Romney’s camp is focused intently on capturing at least 61 percent of white voters. That would provide him a slim national majority—so long as whites constitute at least 74 percent of the vote, as they did last time, and Obama doesn’t improve on his 80 percent showing with minorities.
Again, why are "minorities" treated as a bloc here? The story mentions no particular plan by the Obama campaign to capture the nonwhite vote. Instead, it discusses how the Romney forces hope to get a bigger share of white voters than John McCain did—by "stressing the increased federal debt" and attacking "Obama's record on spending and welfare."
Welfare, yes. Let's come back to "welfare." But first, how's the strategy been doing? A recent ABC/Washington Post poll found Romney leading Obama 65-32 among white men and 53-44 among white women, giving him a 59 percent share of the white vote overall—"a new high," and closing in on that 60 percent target.
This has been the foundation of Republican presidential politics for more than four decades, since Richard Nixon courted and won the votes of Southerners who'd turned against the Democratic Party because of integration and civil rights. The Party of Lincoln became the party of Lincoln's assassins, leveraging white anger into a regional advantage and eventually a regional monopoly. It's all very basic and old news, but it's still considered rude to say so, even as Republican strategists talk about winning the white voters and only the white voters.
And so we have two elections going on. In one, President Obama is running for re-election after a difficult but largely competent first term, in which the multiple economic and foreign-policy disasters of four years ago have at least settled down into being ongoing economic and foreign-policy problems. A national health care reform bill got passed, and two reasonable justices were appointed to the Supreme Court. Presidents have done worse in their first terms. In my lifetime—which began under the first term of an outright thug and war criminal—I'm not sure any presidents have done better. (The senile demagogue? The craven panderer? The ex-CIA director?)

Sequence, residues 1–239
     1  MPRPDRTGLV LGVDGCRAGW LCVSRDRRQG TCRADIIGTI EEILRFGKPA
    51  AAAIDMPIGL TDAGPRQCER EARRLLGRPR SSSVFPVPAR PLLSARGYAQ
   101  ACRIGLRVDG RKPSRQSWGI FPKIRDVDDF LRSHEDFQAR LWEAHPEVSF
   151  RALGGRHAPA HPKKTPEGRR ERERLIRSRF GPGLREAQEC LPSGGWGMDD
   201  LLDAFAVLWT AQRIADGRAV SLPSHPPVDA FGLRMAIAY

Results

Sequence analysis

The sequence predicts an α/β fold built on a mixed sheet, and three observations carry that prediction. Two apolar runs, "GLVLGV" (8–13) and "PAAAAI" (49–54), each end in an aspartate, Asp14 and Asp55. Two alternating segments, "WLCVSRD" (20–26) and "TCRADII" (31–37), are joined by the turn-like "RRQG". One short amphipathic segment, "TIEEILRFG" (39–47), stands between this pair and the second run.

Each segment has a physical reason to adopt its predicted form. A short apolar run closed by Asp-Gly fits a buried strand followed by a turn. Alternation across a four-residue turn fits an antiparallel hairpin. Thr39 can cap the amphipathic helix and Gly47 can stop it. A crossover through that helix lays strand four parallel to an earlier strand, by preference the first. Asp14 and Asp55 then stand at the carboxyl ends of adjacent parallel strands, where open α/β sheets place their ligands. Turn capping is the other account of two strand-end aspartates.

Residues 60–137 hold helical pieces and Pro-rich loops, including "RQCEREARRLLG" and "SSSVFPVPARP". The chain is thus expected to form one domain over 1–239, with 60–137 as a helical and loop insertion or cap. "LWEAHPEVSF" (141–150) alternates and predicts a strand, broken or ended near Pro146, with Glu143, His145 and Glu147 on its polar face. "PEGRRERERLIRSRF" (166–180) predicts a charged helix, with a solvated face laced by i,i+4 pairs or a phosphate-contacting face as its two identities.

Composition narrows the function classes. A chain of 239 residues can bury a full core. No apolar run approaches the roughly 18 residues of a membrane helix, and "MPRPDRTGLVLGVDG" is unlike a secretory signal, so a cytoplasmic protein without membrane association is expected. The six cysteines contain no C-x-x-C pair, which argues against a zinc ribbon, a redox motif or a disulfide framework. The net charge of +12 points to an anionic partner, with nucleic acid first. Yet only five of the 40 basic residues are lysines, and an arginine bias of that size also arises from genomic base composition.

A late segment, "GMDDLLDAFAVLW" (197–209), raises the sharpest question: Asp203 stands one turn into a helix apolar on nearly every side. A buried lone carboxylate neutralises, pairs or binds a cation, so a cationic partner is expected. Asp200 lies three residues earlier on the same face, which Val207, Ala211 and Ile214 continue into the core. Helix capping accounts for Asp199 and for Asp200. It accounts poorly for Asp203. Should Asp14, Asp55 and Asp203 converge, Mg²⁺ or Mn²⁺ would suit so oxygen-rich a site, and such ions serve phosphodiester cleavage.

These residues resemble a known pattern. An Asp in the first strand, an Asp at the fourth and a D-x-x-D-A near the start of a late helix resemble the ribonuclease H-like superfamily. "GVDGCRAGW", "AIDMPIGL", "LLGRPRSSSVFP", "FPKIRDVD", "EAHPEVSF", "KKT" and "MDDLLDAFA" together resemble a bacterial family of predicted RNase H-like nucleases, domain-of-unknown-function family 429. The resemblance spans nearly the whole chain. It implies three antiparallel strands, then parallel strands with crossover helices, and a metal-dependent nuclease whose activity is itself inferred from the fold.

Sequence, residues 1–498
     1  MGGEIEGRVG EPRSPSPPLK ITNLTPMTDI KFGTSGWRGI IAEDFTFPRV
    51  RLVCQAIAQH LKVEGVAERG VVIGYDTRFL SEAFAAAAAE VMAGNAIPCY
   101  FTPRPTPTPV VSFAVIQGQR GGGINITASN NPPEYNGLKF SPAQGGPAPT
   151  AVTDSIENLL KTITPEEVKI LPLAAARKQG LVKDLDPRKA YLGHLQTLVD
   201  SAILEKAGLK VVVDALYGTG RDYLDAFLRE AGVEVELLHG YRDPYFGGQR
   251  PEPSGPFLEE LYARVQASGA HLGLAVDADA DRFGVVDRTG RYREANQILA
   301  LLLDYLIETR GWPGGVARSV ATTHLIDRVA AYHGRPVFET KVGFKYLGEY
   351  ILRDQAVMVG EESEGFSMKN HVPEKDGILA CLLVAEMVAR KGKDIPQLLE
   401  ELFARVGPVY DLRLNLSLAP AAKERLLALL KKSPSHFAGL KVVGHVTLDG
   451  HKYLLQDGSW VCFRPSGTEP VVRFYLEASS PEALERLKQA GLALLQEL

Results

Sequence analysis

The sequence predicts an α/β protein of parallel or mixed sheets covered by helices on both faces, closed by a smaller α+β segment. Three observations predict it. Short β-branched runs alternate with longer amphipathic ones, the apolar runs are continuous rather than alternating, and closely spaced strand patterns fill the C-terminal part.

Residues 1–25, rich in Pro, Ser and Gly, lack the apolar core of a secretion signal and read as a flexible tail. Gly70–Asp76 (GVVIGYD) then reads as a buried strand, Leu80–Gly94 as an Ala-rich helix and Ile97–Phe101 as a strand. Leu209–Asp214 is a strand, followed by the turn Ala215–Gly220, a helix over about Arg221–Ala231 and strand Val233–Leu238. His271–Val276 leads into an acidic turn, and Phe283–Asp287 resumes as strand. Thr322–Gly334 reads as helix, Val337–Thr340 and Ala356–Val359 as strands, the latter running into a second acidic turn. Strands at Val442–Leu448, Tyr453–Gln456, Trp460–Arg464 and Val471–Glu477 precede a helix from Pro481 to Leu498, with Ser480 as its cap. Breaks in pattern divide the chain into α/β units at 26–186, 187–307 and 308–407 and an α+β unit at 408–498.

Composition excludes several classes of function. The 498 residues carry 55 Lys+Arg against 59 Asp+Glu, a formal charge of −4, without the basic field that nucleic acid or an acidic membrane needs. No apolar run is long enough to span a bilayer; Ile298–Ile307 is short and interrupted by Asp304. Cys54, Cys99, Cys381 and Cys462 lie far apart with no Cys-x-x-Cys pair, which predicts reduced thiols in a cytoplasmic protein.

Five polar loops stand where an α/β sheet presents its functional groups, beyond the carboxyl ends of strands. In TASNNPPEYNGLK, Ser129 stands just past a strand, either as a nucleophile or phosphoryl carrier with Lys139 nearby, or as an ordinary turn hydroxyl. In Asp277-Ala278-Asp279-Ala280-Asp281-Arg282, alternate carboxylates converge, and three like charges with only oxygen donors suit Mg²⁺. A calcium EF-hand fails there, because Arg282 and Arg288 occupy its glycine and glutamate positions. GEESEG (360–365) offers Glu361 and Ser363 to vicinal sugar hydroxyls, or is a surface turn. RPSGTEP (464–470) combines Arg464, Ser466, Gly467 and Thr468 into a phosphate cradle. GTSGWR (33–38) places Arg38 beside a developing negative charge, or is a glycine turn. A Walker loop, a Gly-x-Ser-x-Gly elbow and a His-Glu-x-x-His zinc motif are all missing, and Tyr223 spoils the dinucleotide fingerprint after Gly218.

In the other election, the election scripted for white voters—honestly, I'm not entirely sure what the story is. Republican campaigns have been using dog-whistle signals for so long that they seem to have forgotten how to make sounds in normal human hearing range. Mitt Romney appears to be running on the message that first of all, Obama hasn't accomplished anything, and second of all, he's going to repeal all the bad things that Obama has accomplished. And then Romney himself, as a practical businessman, is going to ... something something, small business, something, restore America, growth and jobs, tax cuts, something. It's a negative campaign in the pictorial sense: a blank space where the objects would go. A white space, if you will.
Tom Scocca is the managing editor of Deadspin and the author of Beijing Welcomes You: Unveiling the Capital City of the Future.